Unfortunately Duncan picked this little tourist enclave as the place to leave us for 45 minutes so he could get the roof welded. We didn’t mind sitting around for 45 minutes. The problem was that each of the 27 tourist shop owners tried to persuade us to come into their shop and “just look”. One lady just would not take “no” for an answer…VERY FRUSTRATING!!! We were as polite as can be but very firm. We ended up buying a few banana leaf cards at her shop for a couple of bucks. Then with the other store owners at our heels, we bought a coke and headed for an empty, shaded area for some peace. Yeah right. Five shop owners followed us. The interrogation began: Where are you from? What do you do for work? Where are your babies? Do you have something to trade for something in my shop? Are watches easy to find in America? Can I have yours…I trade you a nice wood lion that I carved myself?? Can I have your baseball hat? They honed in on the idea of trading something we had in our backpacks for a craft from their store when we were clear that no more money was going to be spent. This went on for a while. Everyone then started asking us if we had pens to trade. Sounds harmless. Maybe writing utensils were expensive in Kenya? We actually have an overload of pens, so we handed out a few and passed on trading for trinkets.

We drove through an army checkpoint a half hour later and kids swarmed the car begging for pens, women begged us to buy bananas, men charmed us with jewelry containing carvings of the “big 5” game. We mentioned to Duncan that it was too bad that we already gave our extra pens away to adults b/c the kids probably need them for school. Duncan let us know that pens are cheap and easy to find. Asking for a pen is another way of begging for money since tourists usually don’t usually just give away money. The pens are then sold on the street. Duped again.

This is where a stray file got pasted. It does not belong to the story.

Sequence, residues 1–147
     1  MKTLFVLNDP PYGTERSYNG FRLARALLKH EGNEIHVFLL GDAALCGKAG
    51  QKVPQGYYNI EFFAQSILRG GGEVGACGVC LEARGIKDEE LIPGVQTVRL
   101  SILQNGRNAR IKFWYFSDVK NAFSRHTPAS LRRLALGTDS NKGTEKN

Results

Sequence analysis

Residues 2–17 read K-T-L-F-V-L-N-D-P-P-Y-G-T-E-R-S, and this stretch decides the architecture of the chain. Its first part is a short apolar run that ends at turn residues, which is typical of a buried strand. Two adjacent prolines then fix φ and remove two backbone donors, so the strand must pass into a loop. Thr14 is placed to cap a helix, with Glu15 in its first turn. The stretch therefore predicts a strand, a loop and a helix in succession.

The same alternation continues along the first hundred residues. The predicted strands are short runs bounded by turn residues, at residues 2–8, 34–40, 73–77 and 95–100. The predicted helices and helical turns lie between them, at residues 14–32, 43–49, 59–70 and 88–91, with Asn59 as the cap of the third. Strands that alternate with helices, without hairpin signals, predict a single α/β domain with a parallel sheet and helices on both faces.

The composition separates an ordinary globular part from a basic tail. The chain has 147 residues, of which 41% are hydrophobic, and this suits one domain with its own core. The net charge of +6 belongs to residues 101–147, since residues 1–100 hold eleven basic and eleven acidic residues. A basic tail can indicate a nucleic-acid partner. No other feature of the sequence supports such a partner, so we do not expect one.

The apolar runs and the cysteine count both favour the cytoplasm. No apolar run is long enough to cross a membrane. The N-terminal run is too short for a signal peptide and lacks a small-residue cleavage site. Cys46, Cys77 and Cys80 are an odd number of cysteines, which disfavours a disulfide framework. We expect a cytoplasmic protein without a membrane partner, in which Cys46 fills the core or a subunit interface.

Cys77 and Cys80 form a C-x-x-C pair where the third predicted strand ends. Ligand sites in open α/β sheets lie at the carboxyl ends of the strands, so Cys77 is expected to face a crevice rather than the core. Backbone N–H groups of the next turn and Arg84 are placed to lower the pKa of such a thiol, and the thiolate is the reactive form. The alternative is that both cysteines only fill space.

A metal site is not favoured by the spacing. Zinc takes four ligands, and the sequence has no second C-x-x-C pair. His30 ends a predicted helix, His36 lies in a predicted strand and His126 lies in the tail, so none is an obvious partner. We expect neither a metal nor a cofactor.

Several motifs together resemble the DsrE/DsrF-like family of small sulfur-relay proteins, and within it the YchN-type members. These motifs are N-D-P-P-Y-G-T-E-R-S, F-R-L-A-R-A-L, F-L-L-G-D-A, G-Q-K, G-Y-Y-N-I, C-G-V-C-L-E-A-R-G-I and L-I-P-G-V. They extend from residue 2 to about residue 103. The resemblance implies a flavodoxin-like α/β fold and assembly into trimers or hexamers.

At our lodge, the rooms are situated along the Uaso Nyro (Brown River) with a concrete wall and electric double fence to keep the animals out. From our room, we watched an elephant come down a steep hill to drink water from the river. He looked about to fall at any minute! Over lunch we were entertained by one of the security guards/local Samburu tribesman. He is employed to keep the pesky monkeys away from the guests’ food. He was using a slingshot and rocks in a sort of cat and mouse game with these creatures. He would shoot close to the monkeys, and they would run like hell and then come sneaking back. All the while they had an eye on each other.

Our first game spotting once we reached the reserve was of a Beisa Oryx with its pointy horns. This big antelope has beautiful black and white facial markings seemed to be content grazing on shrubs. We then got a glimpse of a mamma cheetah and her two cubs. They were pretty far away and quickly hid behind a bunch of shrubs, so no pics. While driving by the river we caught a giant elephant crossing. He didn’t take a liking to us and came VERY close to the van trying to get us to leave.

Next we spotted the reticulated giraffe from afar and were luckily able to hang out pretty close to the highly social maternal herd. Males go with their papas after 3 months and then become solitary with maturity. These guys have long sticky tongues which helps them when grazing on Acacia trees. They only need to drink every few days or so and are most vulnerable to lion attack when bending down to lap up water.

We managed to miss viewing the elusive leopard by about 3 minutes. The leopard was spooked by another safari van. We did however get to see his fresh kill which he pulled up onto a tree branch ~15ft. They do this to protect their kill from scavengers. ICKY!!! Our last viewing for the day was of a crocodile munching on some meat near our hotel…big chompers. A pair of storks edged in cautiously to pick up some scraps to no avail. Early wake up call at 6am for Day 2.

 Mountain Lodge – Day 3 - Monday, January 05, 2004

Duncan was pretty upset this morning as the pop-top on his beloved van broke. He assured us that he would somehow get it welded before our next game drive. We were thinking – how, we’re out in the middle of nowhere!!?? We left the lodge early this morning after hanging out with a small pack of very cheeky monkeys. They were brazen and not shy to sit right next to us along with their tiny babies hanging around their necks.